Focus on International Economics

Focus on International Economics

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On January 28, the International Monetary Fund posted a working paper which founds the roots of the recent European debt crisis in the inability of heavily indebted countries to sell long-term securities on the international market well in advance of crisis conditions.

In a January 28 commentary, Harvard economist Martin Feldstein said that China’s current account surplus has probably peaked due to rising wages, increased dividend payments by Chinese corporations, and increased government spending on health, education and housing, all of which will reduce the national savings rate and, therefore, the current account surplus.

On January 27, Morgan Stanley posted a report on the political problems Japan faces in getting its economic and financial house in order.

Also on January 27, the Federal Reserve Bank of Dallas posted a study of the U.S.-China trade deficit. A key factor is China’s high saving rate, which is fueled by high corporate profits. It suggests that increased competition will reduce profit margins, lower national saving, and thus help redress the trade imbalance.

In a January 26 commentary, Yale economist Stephen Roach warned that many Asian nations are developing an inflation problem.

Also on January 26, economic historian Jan Luiten van Zanden posted a commentary on why the Industrial Revolution developed in Europe and not in China. A key reason is that China had no need for labor saving machinery because of its large population.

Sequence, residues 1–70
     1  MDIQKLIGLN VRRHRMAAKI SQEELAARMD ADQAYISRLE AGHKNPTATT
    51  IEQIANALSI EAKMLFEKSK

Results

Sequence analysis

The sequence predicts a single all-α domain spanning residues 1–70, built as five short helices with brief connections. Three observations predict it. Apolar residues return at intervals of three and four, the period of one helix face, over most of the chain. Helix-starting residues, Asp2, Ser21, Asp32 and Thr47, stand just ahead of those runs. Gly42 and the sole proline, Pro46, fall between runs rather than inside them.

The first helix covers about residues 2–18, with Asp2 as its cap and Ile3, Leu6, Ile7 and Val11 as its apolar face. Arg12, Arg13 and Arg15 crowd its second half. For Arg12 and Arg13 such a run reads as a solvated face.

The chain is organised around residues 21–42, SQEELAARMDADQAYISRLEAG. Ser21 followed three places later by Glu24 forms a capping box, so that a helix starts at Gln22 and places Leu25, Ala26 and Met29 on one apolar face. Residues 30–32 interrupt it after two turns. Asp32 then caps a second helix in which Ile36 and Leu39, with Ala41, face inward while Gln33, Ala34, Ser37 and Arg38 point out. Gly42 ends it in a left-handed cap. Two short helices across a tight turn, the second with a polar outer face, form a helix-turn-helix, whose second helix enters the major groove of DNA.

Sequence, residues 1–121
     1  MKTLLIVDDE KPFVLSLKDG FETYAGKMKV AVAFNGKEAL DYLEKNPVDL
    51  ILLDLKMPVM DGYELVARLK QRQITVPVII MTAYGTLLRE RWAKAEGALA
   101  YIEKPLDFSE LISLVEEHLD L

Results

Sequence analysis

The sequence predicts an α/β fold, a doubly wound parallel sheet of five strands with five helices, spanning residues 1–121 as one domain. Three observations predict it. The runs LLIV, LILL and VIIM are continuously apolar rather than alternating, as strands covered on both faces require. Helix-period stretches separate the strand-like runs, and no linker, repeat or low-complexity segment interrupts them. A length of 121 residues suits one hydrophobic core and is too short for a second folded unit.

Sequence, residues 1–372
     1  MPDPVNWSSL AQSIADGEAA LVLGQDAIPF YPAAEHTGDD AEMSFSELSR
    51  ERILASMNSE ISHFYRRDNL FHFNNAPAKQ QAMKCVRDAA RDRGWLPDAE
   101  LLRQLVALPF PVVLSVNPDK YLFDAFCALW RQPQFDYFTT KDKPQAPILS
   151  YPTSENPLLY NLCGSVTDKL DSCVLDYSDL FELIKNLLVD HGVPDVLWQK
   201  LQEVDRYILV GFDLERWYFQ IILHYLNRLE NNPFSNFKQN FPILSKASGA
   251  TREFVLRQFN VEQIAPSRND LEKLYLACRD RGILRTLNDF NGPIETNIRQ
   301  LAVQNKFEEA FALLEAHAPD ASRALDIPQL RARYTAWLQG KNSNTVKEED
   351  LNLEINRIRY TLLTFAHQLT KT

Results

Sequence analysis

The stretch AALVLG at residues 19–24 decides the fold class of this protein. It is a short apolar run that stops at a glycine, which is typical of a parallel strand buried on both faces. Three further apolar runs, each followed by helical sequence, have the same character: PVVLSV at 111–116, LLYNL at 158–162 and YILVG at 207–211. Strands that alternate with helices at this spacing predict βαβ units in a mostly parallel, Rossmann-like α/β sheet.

And on January 26, the IMF published a working paper on sovereign wealth funds, their investment objectives and performance.

On January 25, the International Labour Organization issued a report on global employment trends. It notes that 55 percent of the rise in unemployment since 2007 occurred in the OECD countries, which only account for 15 percent of the world’s labor force.

Also on January 25, the IMF released updated projections for the global economy. In general, growth is projected to be slightly higher in 2011 than previously estimated, with no change for 2012. In a related report, the IMF warned that the world financial system is still fragile, with little progress on deleveraging. It further warned that there are signs of a bubble emerging among developing countries, which are attracting strong capital inflows.

On January 20, Inc. magazine published an article on the dynamism of entrepreneurship in Norway despite its high taxes.

Also on January 20, the European Central Bank published a study projecting a decline in potential growth in the euro area in coming years mainly due to the aging of the population.

In a January 13 blog post, Peterson Institute economist Arvind Subramanian estimated that China’s GDP is larger than America’s based on purchasing power parity exchange rates.

I last posted items on this topic on January 19.

Bruce Bartlett is an American historian and columnist who focuses on the intersection between politics and economics. He blogs daily and writes a weekly column at The Fiscal Times. Bartlett has written for Forbes Magazine and Creators Syndicate, and his work is informed by many years in government, including as a senior policy analyst in the Reagan White House. He is the author of seven books including the New York Times best-seller, Imposter: How George W. Bush Bankrupted America and Betrayed the Reagan Legacy (Doubleday, 2006).

Bruce Bartlett’s columns focus on the intersection of politics and economics. The author of seven books, he worked in government for many years and was senior policy analyst in the Reagan White House.